If you spent some time with our 9 year old daughter Isla you would soon see an example of what Sensory Processing Disorder (SPD) looks like. Her body is under constant attack from a dysfunctioning sensory system that can’t regulate itself automatically. Or to put it more simply, her brain has trouble receiving and responding to information that comes through her senses.
Isla has autism caused by a chromosome deletion (2q23.1 Microdeletion Syndrome, recently known as MAND).
If Isla is happy or excited, her whole body tenses while she brings her arm to her mouth and makes a noise I can only describe as “eeee”. Her brain knows she is excited but her body also needs to “feel” that she is excited.
She is constantly on the move trying to feed her body the input her vestibular and proprioceptive systems need to feel balanced and in control. She will touch everything, moving aimlessly from one item to the next, sometimes licking things, chewing things and climbing things. A bit like a toddler exploring the world. She also tends to burp loudly and constantly when under sensory stress.
When out, with a lot going on, this balance is harder to achieve. Isla will sometimes go into a wandering trance, not able to focus on what she is doing as her sensory system is being bombarded. Or she will shut down, be overwhelmed with tiredness, lie down and go to sleep.
At home she needs an activity to keep her grounded. The iPad is highly visually stimulating for her and unfortunately also very addictive. She spends way too much time on the iPad but by having her sensory needs mostly met she is able to relax and sit still. However there is still some capacity for further oral and tactile stimulation though as evidenced by chewed chargers and ripped books that may be in her vicinity. She mostly does this without even realising but it is also due to a lack of impulse control.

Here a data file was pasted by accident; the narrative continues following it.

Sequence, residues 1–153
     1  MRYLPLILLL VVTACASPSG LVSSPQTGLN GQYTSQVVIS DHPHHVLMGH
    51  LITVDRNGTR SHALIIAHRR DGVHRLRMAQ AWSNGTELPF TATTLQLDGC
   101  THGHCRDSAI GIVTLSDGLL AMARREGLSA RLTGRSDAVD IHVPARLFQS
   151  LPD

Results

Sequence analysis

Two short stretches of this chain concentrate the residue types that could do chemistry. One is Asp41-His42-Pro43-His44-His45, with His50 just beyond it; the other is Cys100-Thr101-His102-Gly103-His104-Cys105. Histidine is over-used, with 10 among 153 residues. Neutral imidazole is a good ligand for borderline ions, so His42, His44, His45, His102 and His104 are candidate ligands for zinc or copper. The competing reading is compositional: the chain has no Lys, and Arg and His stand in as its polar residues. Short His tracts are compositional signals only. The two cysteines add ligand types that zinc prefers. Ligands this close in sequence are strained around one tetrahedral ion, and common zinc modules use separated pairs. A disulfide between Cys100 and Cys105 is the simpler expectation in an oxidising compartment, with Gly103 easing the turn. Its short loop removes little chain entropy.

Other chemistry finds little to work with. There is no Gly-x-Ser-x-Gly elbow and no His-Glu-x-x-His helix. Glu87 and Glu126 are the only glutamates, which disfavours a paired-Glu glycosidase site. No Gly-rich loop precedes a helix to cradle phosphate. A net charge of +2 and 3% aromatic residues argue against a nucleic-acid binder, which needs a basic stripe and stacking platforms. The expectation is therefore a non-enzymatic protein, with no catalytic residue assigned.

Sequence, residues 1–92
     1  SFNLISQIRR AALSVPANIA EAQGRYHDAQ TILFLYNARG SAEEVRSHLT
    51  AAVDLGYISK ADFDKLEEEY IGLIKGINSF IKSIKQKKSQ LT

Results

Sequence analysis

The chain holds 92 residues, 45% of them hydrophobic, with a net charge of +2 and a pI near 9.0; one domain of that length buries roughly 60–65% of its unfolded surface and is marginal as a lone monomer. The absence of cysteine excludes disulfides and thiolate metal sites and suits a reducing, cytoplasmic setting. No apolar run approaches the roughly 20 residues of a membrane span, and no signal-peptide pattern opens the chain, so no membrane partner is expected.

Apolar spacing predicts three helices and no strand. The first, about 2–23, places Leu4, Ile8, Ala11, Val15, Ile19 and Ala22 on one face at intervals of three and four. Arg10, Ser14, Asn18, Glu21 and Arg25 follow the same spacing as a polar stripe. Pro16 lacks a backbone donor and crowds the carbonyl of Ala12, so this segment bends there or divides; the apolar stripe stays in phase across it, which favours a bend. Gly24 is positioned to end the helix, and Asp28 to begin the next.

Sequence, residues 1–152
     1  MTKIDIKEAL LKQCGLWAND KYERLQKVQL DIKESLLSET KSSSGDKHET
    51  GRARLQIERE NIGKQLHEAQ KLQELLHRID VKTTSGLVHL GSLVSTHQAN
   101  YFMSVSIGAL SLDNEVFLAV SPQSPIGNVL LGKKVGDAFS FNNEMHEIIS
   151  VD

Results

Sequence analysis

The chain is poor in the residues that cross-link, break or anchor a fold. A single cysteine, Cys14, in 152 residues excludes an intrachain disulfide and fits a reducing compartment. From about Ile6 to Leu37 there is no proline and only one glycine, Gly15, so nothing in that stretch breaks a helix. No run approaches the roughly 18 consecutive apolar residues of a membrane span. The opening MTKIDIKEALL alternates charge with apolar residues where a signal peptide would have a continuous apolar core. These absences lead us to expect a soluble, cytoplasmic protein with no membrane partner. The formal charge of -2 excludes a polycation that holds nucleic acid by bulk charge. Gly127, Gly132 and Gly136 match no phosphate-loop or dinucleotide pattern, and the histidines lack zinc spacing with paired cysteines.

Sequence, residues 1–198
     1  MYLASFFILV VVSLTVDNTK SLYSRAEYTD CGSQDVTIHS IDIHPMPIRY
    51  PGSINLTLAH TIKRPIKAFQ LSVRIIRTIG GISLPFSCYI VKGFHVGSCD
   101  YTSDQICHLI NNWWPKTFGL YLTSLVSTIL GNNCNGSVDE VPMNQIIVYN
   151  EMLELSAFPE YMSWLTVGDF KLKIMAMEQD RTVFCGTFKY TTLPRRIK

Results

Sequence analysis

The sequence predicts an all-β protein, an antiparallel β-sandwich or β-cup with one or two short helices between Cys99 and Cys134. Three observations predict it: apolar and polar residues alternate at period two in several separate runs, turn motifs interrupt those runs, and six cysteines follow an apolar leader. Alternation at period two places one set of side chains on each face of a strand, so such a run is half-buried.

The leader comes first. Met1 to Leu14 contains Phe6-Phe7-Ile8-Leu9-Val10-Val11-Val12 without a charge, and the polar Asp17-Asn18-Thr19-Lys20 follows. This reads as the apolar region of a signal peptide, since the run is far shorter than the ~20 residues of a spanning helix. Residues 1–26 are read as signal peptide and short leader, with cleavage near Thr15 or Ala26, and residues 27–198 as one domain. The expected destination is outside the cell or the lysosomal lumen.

With a sensory system that needs a lot of input, it may be surprising that Isla is also hypersensitive to many things including loud rain, noises, bright lights, her hair or teeth being brushed or a lot of adults talking. This will cause her to cover her ears, run away, cry or panic. The way she experiences pain and getting a fright are also unique and are sometimes such a shock to the body that will trigger a seizure.
The way this sensory imbalance affects Isla can be hard to predict. If some of her sensory deficits are being met she is sometimes able to handle her hypersensitivities. For example if jumping at a trampoline park she will be okay with the loud music and crowds. By keeping her body moving this helps balance things out…sometimes.
What have we found helpful?
SPD has always been part of Isla’s life. She does not know what “normal” feels like so does not realise how challenging her SPD is for her. She does now get anxious though about feeling a certain way that can make it hard for us to get out and about.
The biggest thing that has made a difference is Isla’s service/assistance dog Bo. Her Golden Labrador provides many benefits. Keeping her on track when walking, having a safe, comfortable place to lie when feeling overwhelmed and providing a hairy coat for tactile sensory input. He also alerts people to the fact that all is not as it seems, keeps her asleep all night and provides unconditional love.
We have found a chew necklace sometimes helps provide oral input and helps keep her quiet if we are at the movies for example. It is clear to see how much input she needs by her excessive chewing which unfortunately also causes a lot of drool!!!
A winter pom pom hat covers her ears in bed and helps to block out the noisy wind and rain. She doesn’t like the feeling of ear plugs or ear muffs even though we have tried a lot of types and varieties.
Medication has also helped with severe anxiety that had led to seizures in the past. Isla is on Fluoxetine. For more about this click here to go to a blog I wrote about medication.
Welcome to Voices of Special Needs Blog Hop — a monthly gathering of posts from special needs bloggers hosted by The Sensory Spectrum and Mommy Evolution. Click on the links below to read stories from other bloggers about having a special needs kiddo — from Sensory Processing Disorder to ADHD, from Autism to Dyslexia! Want to join in on next month’s Voices of Special Needs Hop? Click here!